Channel Seven is being sued for defamation by a group of Aboriginal people from the remote community of Yirrkala over a segment on breakfast TV show Sunrise in which three white people discussed the Stolen Generations.
The lawsuit, filed in the Federal Court in February, alleges Sunrise defamed Yolngu woman Kathy Mununggurr and 14 others when it played background footage of them, with a blurring effect, as the panel discussion took place.
Mununggurr and the other applicants argue they were identifiable in the footage and that by playing it Sunrise had suggested they abused, assaulted or neglected children, were incapable of protecting their children, and were members of a dysfunctional community. Seven intends to defend the lawsuit.
The segment in question was broadcast in the early morning of March 13, 2018 and discussed a news story in which government minister David Gillespie had made comments about adoption of Indigenous children who are removed from their parents.
The panel was hosted by Samantha Armytage and included commentators Ben Davis and Prue MacSween.
Introducing the segment, Armytage incorrectly stated that Aboriginal children can only be cared for by their relatives or Aboriginal carers. State and territory laws across Australia prioritise Aboriginal children being placed with relatives or Aboriginal carers, but children can still be placed with non-Aboriginal carers.
MacSween said during the segment: "Please, don’t worry about the people who decry and hand-wring and say this will be another Stolen Generation. Just like the first Stolen Generation where a lot of children were taken because it was for their wellbeing, we need to do it again, perhaps."
Davis added: "We need to be protecting kids, we need to be protecting Aboriginal kids, and putting them back into that culture… what culture are they growing up and seeing? Well, they’re getting abused, they’re getting hurt and they’re getting damaged."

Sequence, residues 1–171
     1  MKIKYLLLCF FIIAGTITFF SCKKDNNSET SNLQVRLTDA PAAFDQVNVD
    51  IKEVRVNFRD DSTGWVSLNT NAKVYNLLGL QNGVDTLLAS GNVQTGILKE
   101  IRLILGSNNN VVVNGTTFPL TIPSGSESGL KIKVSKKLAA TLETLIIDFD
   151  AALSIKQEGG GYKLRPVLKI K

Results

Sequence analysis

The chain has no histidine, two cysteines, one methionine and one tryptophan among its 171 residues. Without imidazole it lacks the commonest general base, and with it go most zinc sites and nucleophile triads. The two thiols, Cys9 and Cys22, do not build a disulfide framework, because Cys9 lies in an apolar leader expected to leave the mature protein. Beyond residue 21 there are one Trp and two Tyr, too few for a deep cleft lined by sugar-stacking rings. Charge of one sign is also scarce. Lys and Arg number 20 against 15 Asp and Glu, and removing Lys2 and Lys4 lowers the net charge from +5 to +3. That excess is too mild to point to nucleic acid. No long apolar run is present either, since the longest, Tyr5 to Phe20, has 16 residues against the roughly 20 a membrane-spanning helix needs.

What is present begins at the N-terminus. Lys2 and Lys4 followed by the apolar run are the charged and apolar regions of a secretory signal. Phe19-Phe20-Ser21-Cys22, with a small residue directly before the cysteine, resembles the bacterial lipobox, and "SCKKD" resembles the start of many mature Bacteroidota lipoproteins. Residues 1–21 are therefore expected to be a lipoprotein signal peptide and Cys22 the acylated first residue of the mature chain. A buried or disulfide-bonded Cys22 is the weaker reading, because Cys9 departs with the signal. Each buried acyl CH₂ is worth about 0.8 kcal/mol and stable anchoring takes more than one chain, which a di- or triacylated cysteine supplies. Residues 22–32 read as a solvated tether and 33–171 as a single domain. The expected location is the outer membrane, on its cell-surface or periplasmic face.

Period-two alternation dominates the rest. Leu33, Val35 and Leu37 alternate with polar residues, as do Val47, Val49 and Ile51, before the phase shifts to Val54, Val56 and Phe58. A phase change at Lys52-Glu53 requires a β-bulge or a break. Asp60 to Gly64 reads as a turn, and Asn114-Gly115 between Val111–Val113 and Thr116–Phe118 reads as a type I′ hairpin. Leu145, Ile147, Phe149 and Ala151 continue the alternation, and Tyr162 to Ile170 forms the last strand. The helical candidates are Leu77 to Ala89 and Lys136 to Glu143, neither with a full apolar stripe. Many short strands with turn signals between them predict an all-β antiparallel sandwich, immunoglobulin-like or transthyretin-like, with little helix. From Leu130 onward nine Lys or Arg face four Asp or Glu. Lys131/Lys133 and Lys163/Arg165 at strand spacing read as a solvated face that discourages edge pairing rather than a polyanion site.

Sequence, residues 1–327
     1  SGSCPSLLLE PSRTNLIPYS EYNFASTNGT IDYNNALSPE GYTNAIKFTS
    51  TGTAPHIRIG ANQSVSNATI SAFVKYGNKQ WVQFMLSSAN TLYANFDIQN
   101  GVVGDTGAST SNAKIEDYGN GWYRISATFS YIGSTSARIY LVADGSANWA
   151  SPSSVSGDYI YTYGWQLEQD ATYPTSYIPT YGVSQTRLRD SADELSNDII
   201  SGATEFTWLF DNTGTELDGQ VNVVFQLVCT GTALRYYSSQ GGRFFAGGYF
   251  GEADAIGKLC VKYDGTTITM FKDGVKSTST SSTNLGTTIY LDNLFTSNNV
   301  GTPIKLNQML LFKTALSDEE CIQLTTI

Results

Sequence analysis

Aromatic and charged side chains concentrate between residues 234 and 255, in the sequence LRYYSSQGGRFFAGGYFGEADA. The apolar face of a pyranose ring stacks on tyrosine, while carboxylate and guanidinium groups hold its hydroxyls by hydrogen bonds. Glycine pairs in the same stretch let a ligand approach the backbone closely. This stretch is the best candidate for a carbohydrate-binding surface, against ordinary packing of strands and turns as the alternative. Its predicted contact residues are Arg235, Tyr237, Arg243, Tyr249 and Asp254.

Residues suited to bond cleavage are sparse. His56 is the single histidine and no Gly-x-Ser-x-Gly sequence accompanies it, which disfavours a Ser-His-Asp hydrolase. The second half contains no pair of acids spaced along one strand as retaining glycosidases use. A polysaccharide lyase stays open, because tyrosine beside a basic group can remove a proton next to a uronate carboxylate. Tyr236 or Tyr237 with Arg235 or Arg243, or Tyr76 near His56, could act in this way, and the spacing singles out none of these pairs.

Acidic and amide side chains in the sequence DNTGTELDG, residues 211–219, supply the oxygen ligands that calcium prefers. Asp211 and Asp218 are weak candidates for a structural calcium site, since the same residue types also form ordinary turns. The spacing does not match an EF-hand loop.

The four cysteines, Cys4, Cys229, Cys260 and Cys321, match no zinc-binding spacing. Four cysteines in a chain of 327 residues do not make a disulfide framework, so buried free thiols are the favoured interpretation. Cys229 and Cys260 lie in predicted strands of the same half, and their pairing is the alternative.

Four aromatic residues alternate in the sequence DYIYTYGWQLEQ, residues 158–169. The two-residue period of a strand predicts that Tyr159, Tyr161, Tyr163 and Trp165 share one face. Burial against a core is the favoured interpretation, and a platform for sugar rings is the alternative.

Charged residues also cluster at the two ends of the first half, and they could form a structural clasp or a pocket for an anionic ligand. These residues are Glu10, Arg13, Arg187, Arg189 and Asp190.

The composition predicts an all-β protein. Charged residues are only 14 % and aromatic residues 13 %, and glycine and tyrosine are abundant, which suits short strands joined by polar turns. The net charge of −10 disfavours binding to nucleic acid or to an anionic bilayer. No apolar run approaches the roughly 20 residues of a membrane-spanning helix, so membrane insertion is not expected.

The comments provoked protests outside the Sunrise studio in Sydney's CBD.
Sunrise was also rebuked by the Australian Communications and Media Authority (ACMA), which ruled it breached the TV industry code of practice, as the segment was premised on a factual inaccuracy and provoked "serious contempt on the basis of race".
Solicitor Stewart O'Connell of O'Brien Criminal & Civil Solicitors told BuzzFeed News his clients felt "this happens to them all the time".
"We’re not just talking about being portrayed in the background to stories about dysfunction, but just this lack of care in how they're portrayed," he said. "This recklessness. They’re sick of it, but they’re used to it."
He said the footage was filmed as part of a health promotion and described his client's view as: "Without our permission they take that very footage which is meant to show those positive things, and use it to highlight dysfunction and child sexual abuse."
O'Connell said lawyers representing the group had not been able to find similar examples of file footage of non-Indigenous Australians used in this way.
"If they had done the exact same story talking about child sexual abuse in the mainstream community and showed images of families in the Northern Beaches, Vaucluse, Point Piper, can you imagine the outrage? It’s because these are Aboriginal people living in a remote community that there's this thinking: 'Oh, it doesn’t matter'."
O'Connell said the Yolngu group's case is that they are "extremely identifiable" in the footage, despite the blurring.
The group is also seeking to add alleged breaches of the Racial Discrimination Act and privacy and consumer law to the claim.
A Seven spokesman told BuzzFeed News: "The proceedings relate to some footage used in the background to the story which was blurred to prevent any person being identified and Seven is able to defend the case on that basis.
"It is unrelated to the ACMA ruling which is being dealt with separately. We can’t comment further as the matter is before the court."